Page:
• Improve service on existing late-night and early-morning MBTA transit options to the airport. Right now, the MBTA 171 bus makes two early-morning trips to the airport before 5 a.m. In addition, there is a late Silver Line bus from the airport to Dudley which departs the airport at 2:30 a.m. But other than this route (and a few odd SL3 buses which serve the airport station, but not the terminals), there is no overnight transit. Expanding this late SL1-SL4 service, Massport could provide the operating funding for the T to operate the Silver Line from Dudley to Logan every 30 minutes from 1 a.m. to 5:30 a.m. This would operate on the surface downtown, which is faster overnight than using the Silver Line tunnel, and wouldn’t require that the stations stay open overnight.
  • Extend the Back Bay Logan Express bus to 24-hour service.
    Alternatively, the Back Bay Logan Express bus, which currently runs from 5 a.m. to 10 p.m.—providing slightly earlier service to the airport than the Silver Line (the first Silver Line trip is scheduled to arrive at the airport at 5:57 a.m.)—could be extended. Running this bus every 30 minutes overnight, especially with an additional stop at South Station, would allow more options for passengers to get across the harbor for early or late flights. It would require a longer additional span of service, and would not provide the same jobs access that a Silver Line route would, but would simply use Massport buses on a route already in operation.

Either of these options would allow passengers wanting to take transit to save on fees for ride-hail vehicles or taxicabs, and get across the harbor where they can access more transportation options. Boston has one of the closest-to-downtown airports of any city in the country (if not the world) but between midnight and 6 a.m., without a car, it might as well be on another continent.

We suggest that Massport, which already supports the T by helping fund the free Silver Line inbound service from the terminals to South Station, build further on this relationship. The SL1-SL4 route, which already provides service with a single 2:30 a.m. trip, would provide an important link between the jobs available at the airport and communities which need better access to these jobs. The 171 would be replaced, and the early-morning pull-out SL3 trips—which currently get to the Airport T station at 4:40 a.m. but don’t serve the airport terminals, necessitating a walk or a shuttle ride—would add airport stops with only a minor addition of operating time.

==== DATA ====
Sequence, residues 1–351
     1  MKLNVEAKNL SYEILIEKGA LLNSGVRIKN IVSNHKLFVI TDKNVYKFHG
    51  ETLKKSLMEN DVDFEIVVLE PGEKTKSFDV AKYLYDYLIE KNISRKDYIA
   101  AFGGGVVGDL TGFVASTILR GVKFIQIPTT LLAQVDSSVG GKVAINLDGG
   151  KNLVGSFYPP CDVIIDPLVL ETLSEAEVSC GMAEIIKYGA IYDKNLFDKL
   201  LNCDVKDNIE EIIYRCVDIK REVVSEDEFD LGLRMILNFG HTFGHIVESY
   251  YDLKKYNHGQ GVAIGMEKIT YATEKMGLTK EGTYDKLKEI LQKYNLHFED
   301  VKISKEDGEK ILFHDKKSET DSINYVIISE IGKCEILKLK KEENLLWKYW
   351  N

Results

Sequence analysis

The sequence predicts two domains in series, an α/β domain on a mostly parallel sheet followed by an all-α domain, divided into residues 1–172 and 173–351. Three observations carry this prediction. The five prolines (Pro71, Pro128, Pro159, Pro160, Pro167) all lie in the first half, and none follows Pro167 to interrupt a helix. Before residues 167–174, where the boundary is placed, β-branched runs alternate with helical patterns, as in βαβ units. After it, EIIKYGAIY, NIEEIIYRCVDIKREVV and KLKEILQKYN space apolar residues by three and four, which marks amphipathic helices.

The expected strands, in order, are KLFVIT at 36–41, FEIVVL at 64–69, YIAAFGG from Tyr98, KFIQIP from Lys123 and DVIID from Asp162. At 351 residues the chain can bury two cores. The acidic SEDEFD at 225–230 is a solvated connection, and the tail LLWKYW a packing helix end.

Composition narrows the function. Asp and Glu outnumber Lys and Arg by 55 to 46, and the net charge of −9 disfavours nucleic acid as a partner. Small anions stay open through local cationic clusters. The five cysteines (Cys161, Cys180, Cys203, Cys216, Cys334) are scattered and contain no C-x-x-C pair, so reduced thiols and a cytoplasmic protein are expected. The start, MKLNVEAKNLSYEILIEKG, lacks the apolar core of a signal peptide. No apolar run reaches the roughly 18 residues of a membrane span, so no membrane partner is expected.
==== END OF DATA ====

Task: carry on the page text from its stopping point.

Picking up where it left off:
Meet the Author

Ari Ofsevit

Transportation and urban planning student/Member, MIT/TransitMatters

About Ari Ofsevit

Ari Ofsevit is a transportation planner with the Charles River TMA in Cambridge, which runs the EZRide Shuttle. He has won hackathons examining data from Hubway, late night MBTA service, and MassDOT real time highway traffic.

About Ari Ofsevit

Ari Ofsevit is a transportation planner with the Charles River TMA in Cambridge, which runs the EZRide Shuttle. He has won hackathons examining data from Hubway, late night MBTA service, and MassDOT real time highway traffic.

Compared with the overall cost of these Uber/Lyft and Logan Express changes, for which the offsetting costs and revenues each spike into the tens of millions of dollars, adding a few hours of transit service each night is small, coming in around $750,000 per year for the MBTA option, and probably a similar amount for the Logan Express option. Expanding overnight service benefits both travelers and airport employees, and also enables regional access to jobs and reduces congestion in general. Including one of these options as part of the overhaul to Logan ground transportation policy should be an easy decision for Massport.

Ari Ofsevit is a TransitMatters board member.